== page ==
When you went to Lynx and Aviva, you got great experience in operations.

I was very attracted to the fast-moving and decisive biotech industry. Over the years, you learn to face and deal with all the issues that biotech companies encounter

And, so now you go to a much larger organization.

The attraction for me about Invitrogen is that it is very dynamic. Over the last two years, this new senior management team has introduced a dynamic attitude and state of mind, it is very fast moving and success breeds success. It’s a delight to be working here, for sure.

How does your unit operate?

Invitrogen has two basic divisions — biodiscovery and bioproduction. Across these two basic divisions, there are strategic business units. My responsibility is for the strategic business unit that is called functional genomics. It embraces all the products in the area of genomics, proteomics, and gene regulation, which is basically RNAi.

How do you see the role of this unit?

It is the application of common sense, we have a wealth of products in the area and clearly we need to keep the hopper filled with new product introductions, and evaluating new technologies. Right now, we have a really impressive stream of new product introductions planned for next year and the following year to keep our product lines fresh and attractive.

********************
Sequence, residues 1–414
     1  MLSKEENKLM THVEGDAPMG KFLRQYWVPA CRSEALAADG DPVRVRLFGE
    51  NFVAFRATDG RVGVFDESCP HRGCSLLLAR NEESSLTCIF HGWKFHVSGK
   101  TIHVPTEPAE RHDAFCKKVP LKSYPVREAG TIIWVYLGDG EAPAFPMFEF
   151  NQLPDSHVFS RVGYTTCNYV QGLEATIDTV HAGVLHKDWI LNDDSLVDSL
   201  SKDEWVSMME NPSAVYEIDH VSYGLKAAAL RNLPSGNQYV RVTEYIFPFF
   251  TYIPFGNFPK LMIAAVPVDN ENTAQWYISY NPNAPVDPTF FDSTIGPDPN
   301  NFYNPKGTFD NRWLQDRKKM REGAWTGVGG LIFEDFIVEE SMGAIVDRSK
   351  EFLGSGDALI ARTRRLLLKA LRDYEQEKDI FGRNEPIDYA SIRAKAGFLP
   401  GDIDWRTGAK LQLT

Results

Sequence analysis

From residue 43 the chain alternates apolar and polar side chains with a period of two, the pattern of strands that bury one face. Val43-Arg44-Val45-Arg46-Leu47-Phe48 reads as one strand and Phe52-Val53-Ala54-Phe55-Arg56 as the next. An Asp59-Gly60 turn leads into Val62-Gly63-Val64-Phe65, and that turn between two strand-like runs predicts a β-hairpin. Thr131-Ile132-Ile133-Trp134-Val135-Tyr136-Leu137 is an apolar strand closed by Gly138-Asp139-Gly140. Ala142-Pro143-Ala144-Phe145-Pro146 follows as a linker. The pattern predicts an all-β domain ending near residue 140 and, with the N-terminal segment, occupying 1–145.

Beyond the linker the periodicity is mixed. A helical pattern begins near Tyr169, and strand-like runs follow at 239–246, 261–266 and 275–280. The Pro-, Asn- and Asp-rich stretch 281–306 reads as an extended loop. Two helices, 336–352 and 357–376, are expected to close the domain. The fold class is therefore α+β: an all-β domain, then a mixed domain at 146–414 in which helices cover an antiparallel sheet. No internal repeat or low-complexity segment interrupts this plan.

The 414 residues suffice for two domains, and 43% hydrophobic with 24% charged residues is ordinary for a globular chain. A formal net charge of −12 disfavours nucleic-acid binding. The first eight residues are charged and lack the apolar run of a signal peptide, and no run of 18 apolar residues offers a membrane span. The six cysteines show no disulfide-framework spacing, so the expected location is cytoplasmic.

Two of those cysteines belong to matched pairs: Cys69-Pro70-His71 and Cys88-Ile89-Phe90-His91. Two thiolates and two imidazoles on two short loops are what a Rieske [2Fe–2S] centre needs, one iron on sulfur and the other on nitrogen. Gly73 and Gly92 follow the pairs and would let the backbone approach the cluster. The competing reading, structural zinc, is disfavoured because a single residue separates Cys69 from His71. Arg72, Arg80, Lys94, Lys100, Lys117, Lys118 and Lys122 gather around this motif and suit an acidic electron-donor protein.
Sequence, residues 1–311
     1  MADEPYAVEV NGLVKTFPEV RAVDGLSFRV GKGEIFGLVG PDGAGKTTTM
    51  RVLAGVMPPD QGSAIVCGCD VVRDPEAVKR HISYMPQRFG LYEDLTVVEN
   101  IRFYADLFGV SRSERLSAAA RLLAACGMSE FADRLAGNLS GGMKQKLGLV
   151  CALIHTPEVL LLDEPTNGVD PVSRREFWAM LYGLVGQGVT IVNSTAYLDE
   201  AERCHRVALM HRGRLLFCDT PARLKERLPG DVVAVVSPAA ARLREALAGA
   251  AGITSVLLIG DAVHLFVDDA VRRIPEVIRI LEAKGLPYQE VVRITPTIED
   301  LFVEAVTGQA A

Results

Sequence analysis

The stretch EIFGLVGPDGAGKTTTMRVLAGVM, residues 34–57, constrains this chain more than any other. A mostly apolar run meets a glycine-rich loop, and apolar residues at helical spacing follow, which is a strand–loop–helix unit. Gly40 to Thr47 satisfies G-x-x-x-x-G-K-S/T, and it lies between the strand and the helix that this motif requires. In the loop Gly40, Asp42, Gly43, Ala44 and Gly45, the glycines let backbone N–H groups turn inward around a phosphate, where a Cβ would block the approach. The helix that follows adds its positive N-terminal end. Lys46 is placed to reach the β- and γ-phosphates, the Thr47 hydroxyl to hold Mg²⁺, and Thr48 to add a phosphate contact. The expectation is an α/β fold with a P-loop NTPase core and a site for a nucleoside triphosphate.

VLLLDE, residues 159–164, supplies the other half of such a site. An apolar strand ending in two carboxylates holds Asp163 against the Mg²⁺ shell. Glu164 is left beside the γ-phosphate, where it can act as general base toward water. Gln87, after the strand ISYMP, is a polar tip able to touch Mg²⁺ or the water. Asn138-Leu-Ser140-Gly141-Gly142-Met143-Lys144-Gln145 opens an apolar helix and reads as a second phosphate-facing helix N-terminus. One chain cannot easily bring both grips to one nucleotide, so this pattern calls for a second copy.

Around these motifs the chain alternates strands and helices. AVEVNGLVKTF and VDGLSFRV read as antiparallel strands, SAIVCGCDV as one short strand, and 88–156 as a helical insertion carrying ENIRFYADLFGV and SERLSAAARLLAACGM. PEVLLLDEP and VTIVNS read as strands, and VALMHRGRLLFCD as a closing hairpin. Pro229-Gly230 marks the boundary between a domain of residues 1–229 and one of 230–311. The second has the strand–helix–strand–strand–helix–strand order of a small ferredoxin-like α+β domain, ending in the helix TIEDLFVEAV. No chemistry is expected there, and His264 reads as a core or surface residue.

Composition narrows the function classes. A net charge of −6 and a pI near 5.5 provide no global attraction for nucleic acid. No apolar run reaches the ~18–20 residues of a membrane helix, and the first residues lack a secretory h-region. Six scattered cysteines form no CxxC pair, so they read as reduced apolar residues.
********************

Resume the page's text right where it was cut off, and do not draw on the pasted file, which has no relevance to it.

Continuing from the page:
The company moves quickly. With your knowledge, touching some of the important technologies in the genomics area, can Invitrogen be an innovator?

Totally, we have a very substantial R&D department. That is what Invitrogen does: it innovates. The capabilities are here to innovate and be ahead of the technology curve.

At what point does a technology become commercially viable, especially in your area?

An implicit part of the job is to drive innovation in-house and to be aware of innovation out of house.

How will you do your job?

Driving the growth of the functional genomics business, through organic growth and the introduction of new products over the course of the year. And also looking at, since we have such an awesome set of capabilities, driving the synergies of these capabilities to generate attractive commercial opportunities along the value chain.

What is functional genomics?

Five or six years ago, I was chairing a conference in London, entitled Functional Genomics, at the time that the term was surfacing into common parlance. During the opening session, the first question was: What is functional genomics? I thought for the moment and said functional genomics is really modern biology. Because now we have the capability to look at mechanisms of molecular physiology at the molecular level, and that embraces all of genomics and proteomics.

Now there are even newer definitions of modern biology, involving massive scale and integration.